Djed Spence: ‘I didn’t really have a relationship with Antonio Conte at Spurs’

Estimated read time 12 min read

Now at his fifth club in less than two years, Djed Spence’s career is at something of a crossroads following a series of setbacks.

After the dream of promotion to the Premier League with Nottingham Forest, his dream move to Antonio Conte’s Tottenham Hotspur quickly turned sour, before a stop-start loan spell at Leeds United was cut short by the Championship club.

Yet Spence, now looking to resurrect his career in Italy, is adamant the best is yet to come.

“I know what I’m capable of as a player,” he tells The Athletic from his seaside apartment in Genoa, where he is spending the second half of this season on loan. “When I find my feet properly, it will go well for me.”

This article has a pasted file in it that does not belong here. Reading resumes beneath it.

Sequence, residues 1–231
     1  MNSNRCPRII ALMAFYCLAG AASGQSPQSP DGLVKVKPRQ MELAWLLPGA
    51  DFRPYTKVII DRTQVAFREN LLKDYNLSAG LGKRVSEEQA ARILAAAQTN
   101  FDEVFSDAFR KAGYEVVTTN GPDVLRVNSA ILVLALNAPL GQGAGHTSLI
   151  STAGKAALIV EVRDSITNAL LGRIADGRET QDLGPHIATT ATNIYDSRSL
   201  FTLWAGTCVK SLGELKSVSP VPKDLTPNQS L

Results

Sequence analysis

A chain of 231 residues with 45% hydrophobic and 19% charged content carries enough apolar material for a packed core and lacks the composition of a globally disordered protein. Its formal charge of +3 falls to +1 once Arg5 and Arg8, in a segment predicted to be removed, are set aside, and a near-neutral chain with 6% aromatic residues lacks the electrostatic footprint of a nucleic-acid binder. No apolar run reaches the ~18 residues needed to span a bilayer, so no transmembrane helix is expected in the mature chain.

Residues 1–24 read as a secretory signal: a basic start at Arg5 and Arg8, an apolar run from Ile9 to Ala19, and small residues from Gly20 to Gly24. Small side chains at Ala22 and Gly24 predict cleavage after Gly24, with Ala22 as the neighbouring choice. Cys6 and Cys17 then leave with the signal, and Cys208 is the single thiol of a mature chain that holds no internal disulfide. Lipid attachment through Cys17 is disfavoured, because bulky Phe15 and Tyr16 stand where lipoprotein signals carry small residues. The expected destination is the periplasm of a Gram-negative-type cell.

He still harbours ambitions of representing England and is confident he can crack the Premier League — if given the opportunity.

“I felt comfortable playing in the Premier League,” he says. “It’s a big step up but I’m more than capable of doing it. I’ve got the physical attributes and everything else to go with it to play in that league.”

In an open and honest chat with The Athletic, Spence discusses his love for Steve Cooper, being frozen out by Conte, his short-lived Leeds loan, and addresses questions over his professionalism and timekeeping…

In the summer of 2022, it felt as though Djed Spence had the world at his feet.

He was a standout player for a Nottingham Forest side that won promotion via the play-offs, and produced a string of dazzling performances in the FA Cup as the Championship side beat Premier League Arsenal and Leicester City before losing to eventual winners, Liverpool.

Spence started 38 league games for Forest and all three play-off matches, culminating in a victory over Huddersfield Town in the final at Wembley.